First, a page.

Sea Shepherd would not be allowed to dock and we would not expect to be allowed to dock. The difference is that Sea Shepherd is a direct threat to Japanese whaling interests and Greenpeace is not. The other irony is that New Zealand and Australia deny docking privileges to the whalers so why would anyone be surprised that the Japanese would retaliate?

Let's hope that the Japanese don't appeal to Australia and New Zealand to be treated the same way Japan is treating Greenpeace. We don't want Japanese whaling ships docking in New Zealand and Australia.

I wish Greenpeace all the success in the world in their efforts to initiate a "debate" over the whaling issue in Japan. It's their money and they can spend it how they see fit, although I anticipate lots of debates in the sushi bars accompanied by large volumes of sake.

They can all toast their hosts, eat whale meat to show they are not opposed to Japanese culture, and they can come together on the one thing they disagree with and that is both the whalers and the Greenpeacers condemn Sea Shepherd.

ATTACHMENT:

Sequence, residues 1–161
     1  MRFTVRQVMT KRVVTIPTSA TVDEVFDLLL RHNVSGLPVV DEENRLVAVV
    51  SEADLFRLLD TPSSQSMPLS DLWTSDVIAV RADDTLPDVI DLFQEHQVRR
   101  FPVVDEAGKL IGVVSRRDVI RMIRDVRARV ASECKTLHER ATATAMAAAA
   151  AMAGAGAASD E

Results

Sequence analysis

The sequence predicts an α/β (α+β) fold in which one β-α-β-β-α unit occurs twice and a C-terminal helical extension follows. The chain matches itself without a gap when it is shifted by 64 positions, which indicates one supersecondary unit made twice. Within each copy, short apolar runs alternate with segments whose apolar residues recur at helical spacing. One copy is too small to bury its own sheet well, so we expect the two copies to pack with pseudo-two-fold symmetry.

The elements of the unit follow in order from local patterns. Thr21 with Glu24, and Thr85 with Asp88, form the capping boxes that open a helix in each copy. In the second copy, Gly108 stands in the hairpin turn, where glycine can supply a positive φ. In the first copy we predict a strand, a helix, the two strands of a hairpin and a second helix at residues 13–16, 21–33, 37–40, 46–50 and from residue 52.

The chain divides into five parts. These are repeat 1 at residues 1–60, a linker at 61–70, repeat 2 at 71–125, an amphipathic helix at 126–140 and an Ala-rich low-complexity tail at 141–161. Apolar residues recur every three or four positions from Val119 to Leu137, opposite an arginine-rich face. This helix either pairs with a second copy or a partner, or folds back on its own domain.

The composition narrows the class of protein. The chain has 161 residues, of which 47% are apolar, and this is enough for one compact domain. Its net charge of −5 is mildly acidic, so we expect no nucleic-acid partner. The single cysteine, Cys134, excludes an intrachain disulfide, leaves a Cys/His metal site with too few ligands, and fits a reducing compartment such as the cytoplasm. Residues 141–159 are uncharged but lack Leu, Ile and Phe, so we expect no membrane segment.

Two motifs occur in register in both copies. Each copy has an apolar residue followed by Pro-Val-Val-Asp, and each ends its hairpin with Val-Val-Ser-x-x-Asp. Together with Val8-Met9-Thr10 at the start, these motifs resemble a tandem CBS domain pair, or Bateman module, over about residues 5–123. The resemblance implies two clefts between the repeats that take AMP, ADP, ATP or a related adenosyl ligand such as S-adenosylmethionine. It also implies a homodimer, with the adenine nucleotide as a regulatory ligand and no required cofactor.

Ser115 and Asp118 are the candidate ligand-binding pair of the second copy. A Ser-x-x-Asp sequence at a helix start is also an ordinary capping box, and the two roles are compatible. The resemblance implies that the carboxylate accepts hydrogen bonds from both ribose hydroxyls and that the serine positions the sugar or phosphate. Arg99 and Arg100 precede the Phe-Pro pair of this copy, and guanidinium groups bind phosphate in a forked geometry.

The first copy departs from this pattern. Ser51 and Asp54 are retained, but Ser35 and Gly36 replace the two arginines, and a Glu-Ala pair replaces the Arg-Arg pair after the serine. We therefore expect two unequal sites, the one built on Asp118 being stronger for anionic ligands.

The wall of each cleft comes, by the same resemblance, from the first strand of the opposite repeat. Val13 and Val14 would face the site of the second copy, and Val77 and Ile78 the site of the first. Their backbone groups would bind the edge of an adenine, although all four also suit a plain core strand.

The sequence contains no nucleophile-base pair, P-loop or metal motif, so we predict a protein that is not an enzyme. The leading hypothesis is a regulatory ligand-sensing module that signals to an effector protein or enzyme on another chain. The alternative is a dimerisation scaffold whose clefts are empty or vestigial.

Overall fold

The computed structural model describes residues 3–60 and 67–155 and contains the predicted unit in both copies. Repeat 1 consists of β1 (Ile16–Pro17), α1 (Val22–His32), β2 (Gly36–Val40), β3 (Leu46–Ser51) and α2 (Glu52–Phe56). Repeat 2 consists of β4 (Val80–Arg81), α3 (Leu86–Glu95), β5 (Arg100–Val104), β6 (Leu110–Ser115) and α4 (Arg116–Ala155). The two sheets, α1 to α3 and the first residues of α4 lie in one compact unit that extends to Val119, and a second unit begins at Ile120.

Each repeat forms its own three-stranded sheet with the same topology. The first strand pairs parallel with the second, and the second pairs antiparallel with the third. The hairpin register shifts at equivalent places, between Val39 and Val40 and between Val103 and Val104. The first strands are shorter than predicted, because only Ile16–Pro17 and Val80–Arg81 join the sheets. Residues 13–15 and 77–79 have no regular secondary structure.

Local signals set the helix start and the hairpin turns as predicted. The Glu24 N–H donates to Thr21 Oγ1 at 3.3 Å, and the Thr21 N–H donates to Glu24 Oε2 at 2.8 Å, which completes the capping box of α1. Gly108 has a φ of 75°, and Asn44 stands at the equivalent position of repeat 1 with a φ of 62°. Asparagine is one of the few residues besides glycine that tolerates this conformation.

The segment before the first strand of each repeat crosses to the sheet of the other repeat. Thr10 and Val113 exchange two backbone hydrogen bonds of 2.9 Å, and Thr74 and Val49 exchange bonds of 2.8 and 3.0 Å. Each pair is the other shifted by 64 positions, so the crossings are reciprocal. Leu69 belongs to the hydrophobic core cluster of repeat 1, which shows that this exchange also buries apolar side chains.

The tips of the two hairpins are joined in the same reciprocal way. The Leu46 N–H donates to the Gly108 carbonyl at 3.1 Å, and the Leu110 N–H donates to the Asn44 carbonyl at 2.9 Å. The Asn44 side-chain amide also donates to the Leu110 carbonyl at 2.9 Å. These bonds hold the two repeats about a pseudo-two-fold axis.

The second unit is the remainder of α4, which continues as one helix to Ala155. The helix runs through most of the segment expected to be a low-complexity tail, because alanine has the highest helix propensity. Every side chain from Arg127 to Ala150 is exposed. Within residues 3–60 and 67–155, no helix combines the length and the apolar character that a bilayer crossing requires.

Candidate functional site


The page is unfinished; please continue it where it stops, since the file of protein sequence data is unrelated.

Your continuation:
And so they should, because we are a threat to both. The only thing making more money off whaling than the Japanese whalers is the Greenpeace Foundation. Last year, Greenpeace brought in tens of millions of dollars from their millions of members to "save the whales."

There is lots of money in saving whales if you invest the money into direct mail campaigns, television, and internet advertising and door-to-door solicitation campaigns. That is where Greenpeace funding primarily is directed - towards raising more funds in order to pay the wages and the operating expenses of what has become one of the largest feel good organizations in the world. Let's face it Greenpeace has become the generic environmental organization and people feel when they join Greenpeace that they are part of the solution and not part of the problem.

This is somewhat similar to when Pope Rodrigo Borgia once promised heaven to large donors to the church. It's now "special ecological dispensation."

But the fact is that the strength of any movement lies in diversity and it is the diversity of tens of thousands of small grass roots organizations and individuals that is making the difference. As activists struggle in the field financially, the larger organizations rake in hundreds of millions of dollars pretending to address the issues but not wanting to rock the boat for fear of offending part of their donor base.